T.J. “Buzz” Maiuri
Spiral bevel and hypoid gear cutting has changed significantly over the years. The machines, tools, processes and coatings have steadily advanced to the current state of the art. This article will cover the progression from mechanical machines with complex drivetrains that used the Five Cut method of cutting gears with coolant, to machines with direct-drive CNC technology dry cutting gears by the completing method with carbide and high speed tools. The latest cutting tool materials and tool coatings will be discussed. Production examples from the automotive industry will be provided as well as examples from the gear jobbing industry.
Up until the 19th century, gear manufacturing was an art. Almost all gears were handmade and cut with form cutters shaped to correspond to the spaces between the teeth (Ref. 1). The first known gear cutting machine was developed by Juanelo Torian (1501–1575). He was able to produce up to three gears per day on his hand-powered machine, using cutting tools that were nothing more than rotary files (Ref . 2). In 1910, a machine was invented for cutting spiral bevel teeth with face hob cutters using the continuous index process. In 1913, a process and machine were introduced making it commercially practical to produce spiral bevel gears using a circular face mill cutter and an intermittent index of the blank. In 1927, a patent was granted for the first successful method of producing hypoid gears (Ref. 3). The first machine capable of producing either face milled or face hobbed gears was introduced in 1988, and shortly thereafter, full CNC control machines were introduced. Today, gears are made on high-production, automated machines with direct drives and precision cutting tools.
Face Mill (Single Index) and Face Hob (Continuous Index). There are two main methods of producing spiral bevel and hypoid gears in the production environment today. There is the single indexing method referred to as face milling (Fig. 1), and the continuous indexing method (Fig. 2) referred to as face hobbing.
Figure 1—Single indexing.
Figure 2—Continuous indexing.
Differences in geometry exist between the gears produced by the two methods, as can be seen by the accompanying figures.
Face Milled Geometry (Single Index). Typically, gears produced by face milling have a tapered tooth depth (the tooth is usually deeper at the heel, shallower at the toe) and may have a constant slot width (Fig. 3 and Fig. 4). The tooth thickness is tapered, and the curvature along the face width is that of a circular arc (Fig. 7).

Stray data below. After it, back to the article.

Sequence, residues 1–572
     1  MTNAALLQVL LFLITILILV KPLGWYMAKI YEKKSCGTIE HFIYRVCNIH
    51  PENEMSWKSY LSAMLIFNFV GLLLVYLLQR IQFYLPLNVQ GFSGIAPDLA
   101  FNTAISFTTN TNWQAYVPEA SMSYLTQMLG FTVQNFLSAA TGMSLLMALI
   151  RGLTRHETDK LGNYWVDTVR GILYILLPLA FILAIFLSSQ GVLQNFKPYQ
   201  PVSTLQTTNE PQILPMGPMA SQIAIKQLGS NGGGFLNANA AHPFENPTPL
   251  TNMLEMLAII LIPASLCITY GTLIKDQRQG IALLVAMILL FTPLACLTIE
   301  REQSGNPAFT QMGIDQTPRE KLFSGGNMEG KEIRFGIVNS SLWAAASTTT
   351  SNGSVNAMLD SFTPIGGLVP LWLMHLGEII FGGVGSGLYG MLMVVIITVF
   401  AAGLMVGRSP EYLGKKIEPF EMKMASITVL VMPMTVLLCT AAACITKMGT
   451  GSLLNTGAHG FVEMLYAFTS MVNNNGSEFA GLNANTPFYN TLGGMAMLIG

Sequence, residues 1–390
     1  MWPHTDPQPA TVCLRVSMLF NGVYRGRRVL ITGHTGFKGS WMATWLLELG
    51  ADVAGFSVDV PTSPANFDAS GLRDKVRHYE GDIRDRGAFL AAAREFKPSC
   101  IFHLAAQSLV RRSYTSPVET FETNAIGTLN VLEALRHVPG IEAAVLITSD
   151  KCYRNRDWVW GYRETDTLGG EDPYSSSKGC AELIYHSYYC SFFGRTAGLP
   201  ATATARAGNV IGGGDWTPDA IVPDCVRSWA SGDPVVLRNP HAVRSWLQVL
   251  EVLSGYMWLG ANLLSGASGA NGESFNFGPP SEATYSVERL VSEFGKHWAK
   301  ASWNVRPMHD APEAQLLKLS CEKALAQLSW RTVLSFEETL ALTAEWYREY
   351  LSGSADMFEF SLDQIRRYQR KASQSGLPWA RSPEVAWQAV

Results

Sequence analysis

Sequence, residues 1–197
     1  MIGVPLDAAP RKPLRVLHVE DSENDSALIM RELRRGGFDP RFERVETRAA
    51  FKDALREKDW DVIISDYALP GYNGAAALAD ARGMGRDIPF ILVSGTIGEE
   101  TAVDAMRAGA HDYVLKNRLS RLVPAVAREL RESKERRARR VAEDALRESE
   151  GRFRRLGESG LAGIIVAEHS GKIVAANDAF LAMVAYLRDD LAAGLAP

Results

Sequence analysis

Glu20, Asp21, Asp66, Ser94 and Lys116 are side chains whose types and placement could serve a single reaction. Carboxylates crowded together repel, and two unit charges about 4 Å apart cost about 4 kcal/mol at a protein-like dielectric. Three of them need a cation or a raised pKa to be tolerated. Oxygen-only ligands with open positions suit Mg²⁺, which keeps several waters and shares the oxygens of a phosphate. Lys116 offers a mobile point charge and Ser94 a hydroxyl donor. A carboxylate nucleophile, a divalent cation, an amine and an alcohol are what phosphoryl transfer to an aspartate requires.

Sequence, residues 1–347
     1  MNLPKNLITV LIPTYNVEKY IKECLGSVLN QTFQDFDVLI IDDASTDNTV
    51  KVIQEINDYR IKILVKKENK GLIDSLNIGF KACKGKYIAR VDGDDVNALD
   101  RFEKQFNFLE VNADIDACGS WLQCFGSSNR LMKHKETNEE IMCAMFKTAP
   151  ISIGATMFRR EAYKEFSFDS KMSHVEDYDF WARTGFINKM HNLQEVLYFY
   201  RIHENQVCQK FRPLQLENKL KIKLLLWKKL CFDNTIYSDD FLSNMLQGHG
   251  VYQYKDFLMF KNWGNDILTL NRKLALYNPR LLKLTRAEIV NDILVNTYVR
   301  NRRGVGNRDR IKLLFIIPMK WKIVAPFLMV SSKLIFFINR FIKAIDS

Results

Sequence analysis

Figure 3—Tapered tooth depth.
Figure 4—Tapered tooth depth—cross section.
Face Hobbed Geometry (Continuous Index). Gears produced by face hobbing have a constant tooth depth and a tapered slot width (Figs. 5 and 6). As with face-milled gears, the tooth thickness is tapered. The curvature along the face width is that of an extended epicycloid (Fig. 7).
Figure 5—Uniform tooth depth.
Figure 6—Uniform tooth depth—cross section.
Face Hobbing or Face Milling
There may be possible strength benefits in face hobbing due to what is known as the small cutter effect. The small cutter effect is good for strength because the tooth pattern is “pocketed” near the center of the tooth under load. Face-hobbed gears are also more conducive to the lapping process due to the direction of the generating flats on the tooth surface. Face-hobbed gears can also be finished by skiving. Grinding is not recommended for face-hobbed gears, as discussed later in the paper.
Face hob cycle times are often faster than face milling due to the continuous indexing method, and face hobbing is always a completing process.
In face milling, one slot is cut at a time, and the cutter must withdraw and then index to the next slot. Face-milled gears can be lapped, skived or ground.
Hard Finishing of Cut Gears
The differences in geometry from the design and method of production play an important role in how the gears may be finished. As mentioned above, face-milled gears can be lapped, skived, or ground. Face-hobbed gears should only be lapped or skived for the finishing operation.
Although it is possible to grind a gear cut by face hobbing, it is not recommended. The reason can be seen in Figures 7 and 8. The face-hobbed gear will have an epicycloidal shape along the face width. The grinding operation would remove the epicycloidal shape and leave a circular arc. This would result in a gear with an uneven case depth after the grinding process. In some cases, it may turn out that all or most of the case depth would be removed in some areas of the tooth and not even touch (clean up) the tooth surface in other areas. A similar problem with uneven case depth will exist because of the differences in tooth depth between face-hobbed gears (parallel depth) and face-milled gears (taper depth).